The future of patient care
Remote patient care will likely remain part of the new normal even after the current pandemic passes. Building and scaling the infrastructure necessary to support remote patient care is dependent on securing and harmonizing interoperability between patient systems and medical products, hospital equipment and other connected devices. This critical healthcare infrastructure must be protected from those who seek to compromise and exploit it. Lessons learned from the current pandemic paired with innovations coming to market through rapid response processes, such as U.S. Food and Drug Administration Emergency Use Authorizations (EUAs), can serve as the foundation for more secure and interoperable global critical care response networks in the future.
Cybersecurity and interoperability
Interoperability cannot be attained without first establishing a baseline of cybersecurity hygiene, which helps ensure that critical infrastructure such as hospital networks are not completely debilitated by a single, poorly secured medical device. Between January and March of 2020, more than 6,000 indicators of compromise were identified for exploit attempts related to COVID-19.
Building complex healthcare infrastructure includes finding ways to address new risks such as those from emergent properties, where the whole is greater than the sum of its parts. This introduces both unique system deployment challenges as well as regulatory challenges; however, compliance with standards that have been recognized by regulators can help expedite innovative devices to the bedsides of patients.
Compliance requirements for interoperable medical systems
Compliance to AAMI UL 2800-1, the Standard for Medical Device Interoperability, supports an integration framework for multiple stakeholders who may participate in the development, deployment, assembly and operation of a medical system with interoperable elements. Such a system, referred to as an interoperable medical system, would help reduce patient risks, maintain clinical effectiveness and support timely and adequate access to data while protecting its security, and enable adequate provision of care.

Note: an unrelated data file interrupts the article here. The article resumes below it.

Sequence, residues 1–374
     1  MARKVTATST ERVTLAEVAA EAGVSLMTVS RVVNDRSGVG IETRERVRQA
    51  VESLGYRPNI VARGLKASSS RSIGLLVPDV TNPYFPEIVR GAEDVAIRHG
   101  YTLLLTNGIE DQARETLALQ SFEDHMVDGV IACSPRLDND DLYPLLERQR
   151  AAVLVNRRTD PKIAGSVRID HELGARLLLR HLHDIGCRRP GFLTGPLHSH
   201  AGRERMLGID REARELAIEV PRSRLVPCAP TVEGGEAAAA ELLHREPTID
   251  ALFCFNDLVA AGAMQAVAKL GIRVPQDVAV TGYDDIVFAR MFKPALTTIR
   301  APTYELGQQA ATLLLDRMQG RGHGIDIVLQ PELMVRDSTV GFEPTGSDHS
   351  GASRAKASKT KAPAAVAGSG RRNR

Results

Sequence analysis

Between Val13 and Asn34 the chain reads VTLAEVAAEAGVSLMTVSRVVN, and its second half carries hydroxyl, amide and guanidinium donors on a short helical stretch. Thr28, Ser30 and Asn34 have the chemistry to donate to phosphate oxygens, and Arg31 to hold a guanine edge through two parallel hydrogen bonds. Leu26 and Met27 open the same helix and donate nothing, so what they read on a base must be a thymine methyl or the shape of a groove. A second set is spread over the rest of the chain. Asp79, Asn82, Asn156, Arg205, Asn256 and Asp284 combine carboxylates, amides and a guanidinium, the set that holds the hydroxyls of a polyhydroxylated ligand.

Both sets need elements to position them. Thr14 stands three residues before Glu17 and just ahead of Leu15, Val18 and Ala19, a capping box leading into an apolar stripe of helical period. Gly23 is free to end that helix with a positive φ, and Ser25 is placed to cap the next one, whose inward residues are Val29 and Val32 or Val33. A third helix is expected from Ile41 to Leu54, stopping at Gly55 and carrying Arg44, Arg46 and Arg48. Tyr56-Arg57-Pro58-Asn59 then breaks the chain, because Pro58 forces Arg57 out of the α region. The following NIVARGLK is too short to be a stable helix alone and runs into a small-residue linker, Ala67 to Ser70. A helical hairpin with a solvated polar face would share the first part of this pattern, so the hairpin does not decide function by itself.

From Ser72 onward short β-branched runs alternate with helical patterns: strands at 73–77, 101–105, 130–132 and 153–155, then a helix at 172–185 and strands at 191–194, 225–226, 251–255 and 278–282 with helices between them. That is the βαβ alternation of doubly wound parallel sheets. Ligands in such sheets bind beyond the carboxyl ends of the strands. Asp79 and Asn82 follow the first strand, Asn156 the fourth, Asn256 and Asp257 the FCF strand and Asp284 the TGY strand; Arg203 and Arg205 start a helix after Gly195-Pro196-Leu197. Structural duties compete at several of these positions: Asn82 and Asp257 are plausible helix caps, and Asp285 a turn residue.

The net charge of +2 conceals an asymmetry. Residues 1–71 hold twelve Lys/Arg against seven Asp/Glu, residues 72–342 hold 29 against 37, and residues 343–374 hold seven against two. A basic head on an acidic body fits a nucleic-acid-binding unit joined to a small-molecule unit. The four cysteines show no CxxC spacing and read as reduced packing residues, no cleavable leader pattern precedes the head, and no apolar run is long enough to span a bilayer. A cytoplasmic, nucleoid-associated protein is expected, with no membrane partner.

Compliance with UL 2900-2-1, the Standard for Software Cybersecurity for Network-Connectable Products, Part 2-1: Particular Requirements for Network Connectable Components of Healthcare and Wellness Systems, and certification under the UL Cybersecurity Assurance Program (UL CAP) can help to demonstrate regulatory compliance for expeditious market access, even under EUA policies.
Connected system risk management for healthcare facilities
UL offers comprehensive assessments for remote-controlled ventilators, remote-controlled infusion pumps, safety control systems, and other connected and smart products. Our field engineering and cybersecurity experts assess the overall interoperability vulnerability of a health delivery facility or protocol and examine its individual connected devices according to AAMI UL 2800-1 with results recorded in a comprehensive and informative test report. Additionally, we can help you demonstrate compliance to UL 2900-2-1 for expeditious market access, even under Emergency Use Authorization policies.
With a baseline of cybersecurity hygiene in place, interoperability for telehealth and other applications can be deployed with greater confidence.